Social conflict exacerbates an animal model of MS

If it's on your mind and it has to do with multiple sclerosis in any way, post it here.

Social conflict exacerbates an animal model of MS

Postby Thomas » Fri Jun 29, 2007 10:37 am

Trauma Violence Abuse. 2007 Jul;8(3):314-30.

Social conflict exacerbates an animal model of multiple sclerosis.

Meagher MW, Johnson RR, Vichaya EG, Young EE, Lunt S, Welsh CJ.
Texas A&M University, Department of Psychology.


A growing body of evidence suggests that social conflict is associated with inflammatory disease onset and exacerbations in multiple sclerosis (MS) patients and in animal models of MS. This review illustrates how animal research can be used to elucidate the biobehavioral mechanisms underlying the adverse health effects of social conflict. The authors review studies indicating that social conflict exacerbates a virally initiated animal model of MS. This research suggests that the deleterious effects of social conflict may be partially mediated by stress-induced increases in pro-inflammatory cytokine levels in the central nervous system. In addition, they provide evidence that the adverse health effects of social conflict can be prevented by blocking the stress-induced increases in cytokine activity. This suggests that interventions designed to prevent or reverse the stress-induced increases in cytokine activity may be able to prevent or reverse some of the negative health effects of social conflict in humans.

Linky
Thomas
Family Elder
 
Posts: 115
Joined: Mon Mar 07, 2005 4:00 pm
Location: Europe

Postby TwistedHelix » Fri Jun 29, 2007 11:36 am

Hi Thomas,
This is a really interesting find which gives serious support to the many people who suspect that stress has been the trigger for their MS; either the initial cause or to bring on an exacerbation.
I read the words, "social conflict", as simply, "stress", and as far as I know laboratory animals don't have major relationship issues, mortgage concerns or imminent redundancy, so it looks as if this experiment provides objective evidence that stress does have a direct physical effect.
Dom
User avatar
TwistedHelix
Family Elder
 
Posts: 599
Joined: Fri Mar 25, 2005 4:00 pm
Location: Northamptonshire, England.

Postby viper498 » Fri Jun 29, 2007 1:51 pm

Simply amazing. There are so many things to keep track of... Very facinating article though. I wonder if the reason why stress triggers attacks is due to a weakened immune system caused by the stress?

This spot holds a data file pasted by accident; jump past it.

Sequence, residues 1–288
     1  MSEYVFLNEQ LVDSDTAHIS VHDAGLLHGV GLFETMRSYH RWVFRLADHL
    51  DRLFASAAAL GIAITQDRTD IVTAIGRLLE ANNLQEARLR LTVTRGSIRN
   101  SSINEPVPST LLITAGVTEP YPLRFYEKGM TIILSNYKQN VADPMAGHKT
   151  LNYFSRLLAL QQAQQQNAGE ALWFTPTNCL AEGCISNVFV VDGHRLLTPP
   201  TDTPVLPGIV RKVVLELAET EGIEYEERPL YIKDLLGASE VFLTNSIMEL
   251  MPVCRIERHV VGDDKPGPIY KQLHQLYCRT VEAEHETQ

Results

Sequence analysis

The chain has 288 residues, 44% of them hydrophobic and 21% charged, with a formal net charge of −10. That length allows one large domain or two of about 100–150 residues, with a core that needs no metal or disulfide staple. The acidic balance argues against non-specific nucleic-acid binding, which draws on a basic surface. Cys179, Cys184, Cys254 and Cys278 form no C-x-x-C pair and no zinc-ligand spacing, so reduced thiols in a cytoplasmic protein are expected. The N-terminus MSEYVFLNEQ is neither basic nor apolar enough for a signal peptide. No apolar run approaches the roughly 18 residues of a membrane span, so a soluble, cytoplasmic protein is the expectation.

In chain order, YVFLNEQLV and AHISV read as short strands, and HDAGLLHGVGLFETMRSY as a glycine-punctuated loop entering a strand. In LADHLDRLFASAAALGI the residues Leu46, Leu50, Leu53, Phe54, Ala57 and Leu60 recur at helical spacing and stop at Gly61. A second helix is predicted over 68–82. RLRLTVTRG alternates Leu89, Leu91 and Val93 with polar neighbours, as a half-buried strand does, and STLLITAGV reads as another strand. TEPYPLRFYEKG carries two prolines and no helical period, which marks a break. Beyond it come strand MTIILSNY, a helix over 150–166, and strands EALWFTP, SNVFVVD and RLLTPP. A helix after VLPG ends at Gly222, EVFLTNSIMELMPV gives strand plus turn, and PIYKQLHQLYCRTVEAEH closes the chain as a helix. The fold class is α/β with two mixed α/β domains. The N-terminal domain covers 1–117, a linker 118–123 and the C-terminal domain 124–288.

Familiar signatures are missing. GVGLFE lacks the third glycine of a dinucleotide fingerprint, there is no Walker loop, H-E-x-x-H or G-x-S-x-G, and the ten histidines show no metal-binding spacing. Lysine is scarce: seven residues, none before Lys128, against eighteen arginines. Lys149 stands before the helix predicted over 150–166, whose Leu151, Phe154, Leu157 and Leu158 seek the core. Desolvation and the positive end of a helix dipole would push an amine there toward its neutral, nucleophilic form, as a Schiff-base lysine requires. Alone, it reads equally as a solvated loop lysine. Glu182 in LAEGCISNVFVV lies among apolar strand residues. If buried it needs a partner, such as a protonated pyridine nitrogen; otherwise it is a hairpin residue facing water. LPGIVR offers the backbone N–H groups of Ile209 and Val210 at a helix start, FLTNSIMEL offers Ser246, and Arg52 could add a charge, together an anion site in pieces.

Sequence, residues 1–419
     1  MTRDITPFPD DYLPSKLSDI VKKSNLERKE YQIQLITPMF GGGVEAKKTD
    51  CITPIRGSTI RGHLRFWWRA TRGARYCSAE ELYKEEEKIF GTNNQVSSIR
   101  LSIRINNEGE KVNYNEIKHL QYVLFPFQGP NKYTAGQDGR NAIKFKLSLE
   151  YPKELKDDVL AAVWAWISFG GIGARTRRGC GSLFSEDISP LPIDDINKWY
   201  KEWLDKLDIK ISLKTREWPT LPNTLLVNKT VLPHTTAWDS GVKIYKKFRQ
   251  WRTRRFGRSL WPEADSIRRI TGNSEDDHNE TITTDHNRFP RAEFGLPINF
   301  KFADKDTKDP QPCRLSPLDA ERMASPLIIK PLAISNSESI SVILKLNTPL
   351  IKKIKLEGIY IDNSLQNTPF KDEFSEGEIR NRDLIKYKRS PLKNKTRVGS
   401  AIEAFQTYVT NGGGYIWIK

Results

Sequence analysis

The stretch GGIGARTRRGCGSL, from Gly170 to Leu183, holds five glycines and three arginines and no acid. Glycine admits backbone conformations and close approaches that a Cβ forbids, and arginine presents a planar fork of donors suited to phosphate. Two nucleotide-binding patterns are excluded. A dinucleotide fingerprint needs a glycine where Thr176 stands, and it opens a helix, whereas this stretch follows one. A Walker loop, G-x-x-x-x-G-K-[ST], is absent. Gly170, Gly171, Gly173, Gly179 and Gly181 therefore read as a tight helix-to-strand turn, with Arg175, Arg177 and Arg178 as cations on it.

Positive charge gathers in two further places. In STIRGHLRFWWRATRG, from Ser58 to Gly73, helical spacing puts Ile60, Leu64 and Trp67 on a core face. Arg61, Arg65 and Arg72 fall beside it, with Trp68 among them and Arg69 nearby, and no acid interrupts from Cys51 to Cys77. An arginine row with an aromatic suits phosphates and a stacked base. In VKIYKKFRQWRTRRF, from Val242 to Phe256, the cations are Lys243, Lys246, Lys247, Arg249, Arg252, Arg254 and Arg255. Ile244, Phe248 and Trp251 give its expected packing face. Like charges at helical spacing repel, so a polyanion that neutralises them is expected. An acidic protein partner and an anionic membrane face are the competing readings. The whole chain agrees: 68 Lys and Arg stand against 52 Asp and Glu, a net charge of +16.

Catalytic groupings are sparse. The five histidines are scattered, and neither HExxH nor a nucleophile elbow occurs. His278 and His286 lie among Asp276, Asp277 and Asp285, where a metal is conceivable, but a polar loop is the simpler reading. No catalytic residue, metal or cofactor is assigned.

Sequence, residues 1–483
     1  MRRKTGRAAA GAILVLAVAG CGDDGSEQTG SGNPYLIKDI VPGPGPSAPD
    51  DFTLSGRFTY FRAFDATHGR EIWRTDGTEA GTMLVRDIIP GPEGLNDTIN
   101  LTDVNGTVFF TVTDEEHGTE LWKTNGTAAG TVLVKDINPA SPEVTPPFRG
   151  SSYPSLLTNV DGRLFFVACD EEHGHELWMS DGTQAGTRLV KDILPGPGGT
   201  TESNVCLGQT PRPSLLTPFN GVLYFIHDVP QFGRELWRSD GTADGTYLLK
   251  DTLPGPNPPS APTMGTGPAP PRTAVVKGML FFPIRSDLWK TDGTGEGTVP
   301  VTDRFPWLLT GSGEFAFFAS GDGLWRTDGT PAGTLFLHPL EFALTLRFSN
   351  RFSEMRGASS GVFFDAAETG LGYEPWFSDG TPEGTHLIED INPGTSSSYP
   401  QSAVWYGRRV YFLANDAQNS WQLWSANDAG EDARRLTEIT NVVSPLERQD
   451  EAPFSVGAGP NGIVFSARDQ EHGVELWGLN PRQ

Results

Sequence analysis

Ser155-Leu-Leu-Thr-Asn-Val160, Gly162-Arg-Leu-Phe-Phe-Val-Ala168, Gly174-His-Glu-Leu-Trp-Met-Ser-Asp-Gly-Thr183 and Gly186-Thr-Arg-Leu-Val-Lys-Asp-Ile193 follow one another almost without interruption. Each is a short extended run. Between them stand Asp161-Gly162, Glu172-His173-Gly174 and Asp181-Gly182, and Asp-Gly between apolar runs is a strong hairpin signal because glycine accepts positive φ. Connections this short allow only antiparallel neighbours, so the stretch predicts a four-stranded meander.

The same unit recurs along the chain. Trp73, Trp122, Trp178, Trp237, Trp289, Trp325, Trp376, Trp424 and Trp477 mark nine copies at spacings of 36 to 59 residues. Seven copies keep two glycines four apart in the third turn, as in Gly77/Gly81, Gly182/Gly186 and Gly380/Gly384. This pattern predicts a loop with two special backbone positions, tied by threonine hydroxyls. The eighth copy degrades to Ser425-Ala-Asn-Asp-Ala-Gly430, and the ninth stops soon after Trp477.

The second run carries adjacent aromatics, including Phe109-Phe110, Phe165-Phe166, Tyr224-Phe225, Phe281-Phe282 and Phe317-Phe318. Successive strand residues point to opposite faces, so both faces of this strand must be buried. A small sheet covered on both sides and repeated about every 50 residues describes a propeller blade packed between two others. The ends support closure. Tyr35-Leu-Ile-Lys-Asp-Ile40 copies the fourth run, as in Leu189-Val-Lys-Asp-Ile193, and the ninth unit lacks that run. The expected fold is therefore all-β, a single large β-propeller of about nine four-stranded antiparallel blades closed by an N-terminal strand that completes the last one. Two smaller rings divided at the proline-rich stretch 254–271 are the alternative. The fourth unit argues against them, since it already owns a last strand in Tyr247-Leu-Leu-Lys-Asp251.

Brock
User avatar
viper498
Family Elder
 
Posts: 428
Joined: Sun Oct 09, 2005 3:00 pm
Location: Missouri, USA

Postby Lyon » Fri Jun 29, 2007 2:53 pm

I don't know if you guys have seen this one but it's interesting and sensible.

It's interesting how much of a learning experience life is. In 2000 when my sister experienced problems due to and was diagnosed with Grave's disease, we were all convinced that the stress caused by having the family Christmas at her house, young kids and the possibility that her husband might be getting laid off "caused" it.

In hindsight it seems obvious that her self reactive T cells probably had been gnawing away at her thyroid for some time and the stress was just the straw that broke the camel's back....but I would argue to the death that stress does play a part.
Bob

1: J Neurol. 2007 May;254 Suppl 2:II65-II68.Links
Stress and multiple sclerosis.
Mohr DC.

Dept. of Preventive Medicine, Northwestern University, Feinberg School of Medicine, 680 N. Lakeshore Drive, Suite 1220, Chicago, IL, 60611, USA, d-mohr@northwestern.edu.

Increasing numbers of studies are reporting an association between stressful life events and exacerbation in multiple sclerosis. We review findings that begin to suggest psychological, social and biological factors that may be involved in this relationship. Depression, negative attributions, poor coping, and low social support have been implicated as aggravating the relationship between stress and exacerbation. A model of glucocorticoid resistance on immune cells is also presented as one potential biological mechanism. It is emphasized that to date there is no evidence of causal relationships. It is argued that a purely causal relationship, in which stressful events alone trigger exacerbation, is unlikely. Rather, we propose that stress may be one factor among many that influence risk of exacerbation.

PMID: 17503132 [PubMed - in process]
Lyon
Family Elder
 
Posts: 6063
Joined: Wed May 03, 2006 3:00 pm

Postby Toyoterry » Fri Jun 29, 2007 5:27 pm

I own my own business so tax time is always stressful for me. My first major attack that led to my dx was on April 15 2004. I was up the whole night trying to get my tax info. together. My wife stated that she had never seen me so stressed. I said half jokingly that if I didn't get some relief I was going to "stroke out". The next morning I had my attack which was originally dx as a TIA. Three weeks later as MS.
Terry.
User avatar
Toyoterry
Family Elder
 
Posts: 111
Joined: Tue Apr 19, 2005 3:00 pm


Return to General Discussion

 


  • Related topics
    Replies
    Views
    Last post

Who is online

Users browsing this forum: No registered users


Contact us | Terms of Service